- Various cadres have a role for providing EC pills: physicians, pharmacists, nurses/midwives, community health workers and distributors, and non-clinical workers, regarding referral and provision for family planning needs and sexual assault response
The Guidelines outline recommendations to all stakeholders on the various priority areas. For example:
- For access: “Ensure that there is no age restriction for accessing EC as long as the person is exposed to unprotected sex”
- For awareness and promotion: “Law makers, policy makers and other stakeholders should create enabling environment for media promotion of ECP in Nigeria;” and that “indigenous languages should be used to promote EC in an integrated manner in Nigeria.”
- For procurement: “Ensure deliberations on EC as a standing item on the agenda of the regular Reproductive Health Technical Working Group Meetings.”
- For service provision: “Service protocols [should be updated] with current EC information.”
- For training: “There should be Pre- and In-service training for all service providers including CHEWs, nurses, midwives, and clinicians, in alignment with National Task Shifting Guidance.”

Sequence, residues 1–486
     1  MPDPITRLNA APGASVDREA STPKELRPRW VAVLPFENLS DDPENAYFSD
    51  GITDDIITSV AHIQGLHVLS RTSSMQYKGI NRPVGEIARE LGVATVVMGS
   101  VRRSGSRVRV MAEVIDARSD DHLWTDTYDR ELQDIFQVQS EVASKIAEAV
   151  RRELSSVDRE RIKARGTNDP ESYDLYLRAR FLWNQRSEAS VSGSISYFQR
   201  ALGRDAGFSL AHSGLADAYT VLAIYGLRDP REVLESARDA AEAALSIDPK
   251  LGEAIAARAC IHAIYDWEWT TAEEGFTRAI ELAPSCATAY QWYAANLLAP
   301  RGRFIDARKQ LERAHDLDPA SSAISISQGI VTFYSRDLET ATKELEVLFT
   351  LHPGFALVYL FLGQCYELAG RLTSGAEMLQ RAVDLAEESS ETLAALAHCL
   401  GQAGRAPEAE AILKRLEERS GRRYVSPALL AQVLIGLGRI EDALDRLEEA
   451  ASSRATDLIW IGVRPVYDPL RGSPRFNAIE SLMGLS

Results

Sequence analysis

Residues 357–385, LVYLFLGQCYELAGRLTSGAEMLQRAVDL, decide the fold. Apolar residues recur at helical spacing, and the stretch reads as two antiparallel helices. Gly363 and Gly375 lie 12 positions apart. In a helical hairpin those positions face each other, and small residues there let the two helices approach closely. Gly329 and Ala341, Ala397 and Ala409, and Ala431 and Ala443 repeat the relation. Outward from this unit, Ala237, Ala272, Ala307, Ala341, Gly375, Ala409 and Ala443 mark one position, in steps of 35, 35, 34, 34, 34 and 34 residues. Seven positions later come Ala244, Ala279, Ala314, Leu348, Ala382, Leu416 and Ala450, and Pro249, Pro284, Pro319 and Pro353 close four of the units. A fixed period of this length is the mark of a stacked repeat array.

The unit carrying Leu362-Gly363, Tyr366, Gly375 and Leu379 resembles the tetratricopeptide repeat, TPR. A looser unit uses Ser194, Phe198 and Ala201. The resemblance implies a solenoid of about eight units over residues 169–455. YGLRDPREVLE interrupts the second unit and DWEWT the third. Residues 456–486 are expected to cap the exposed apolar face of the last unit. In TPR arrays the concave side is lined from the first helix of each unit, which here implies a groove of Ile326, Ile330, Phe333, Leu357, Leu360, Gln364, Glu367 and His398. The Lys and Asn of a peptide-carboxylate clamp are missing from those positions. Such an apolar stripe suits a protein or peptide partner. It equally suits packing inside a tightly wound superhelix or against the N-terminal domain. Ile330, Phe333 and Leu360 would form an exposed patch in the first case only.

- “Develop a national curriculum for non-clinical health service providers on Especially PPMVs, Technicians and Law enforcement agents”
- For M&E: “EC should be captured in LMIS tools (HMIS, DCR, FP register, tally cards and RIRF)”
The American Society for Emergency Contraception (ASEC) is currently conducting a survey on EC access and pricing across the United States. Current US regulations allow levonorgestrel ECPs to be sold directly on the shelf to women and men of any age with no restrictions, yet reports from around the US found that this is not always the case.
A call for help was issued for anyone who is in the United States and is interested in helping to collect data on ECPs in their local community. All that is needed from a participant is to take a trip to a local pharmacy and answer a few questions in a google survey on how levonorgestrel EC is being sold and how much it costs.
We are interested to see the results on whether store personnel still believe that restrictions based on age or gender exist, and whether consumers need to show ID to purchase EC in the US.
If you would like to be part of this activity, you can email Kelly (email@example.com) or Jamie (firstname.lastname@example.org) to obtain the survey or with any questions you have.
PMA2020 uses mobile technology to support low cost, rapid-turnaround surveys to monitor key indicators for family planning in select countries. The PMA2020/Nigeria team recently released findings from the 2017 survey, which was conducted April to May this year.
Key family planning indicators are now available from five states (Anambra, Kaduna, Lagos, Nasarawa, Taraba) as well as nationally representative estimates. Emergency contraception is included in the question regarding which modern method contraceptive users are utilizing.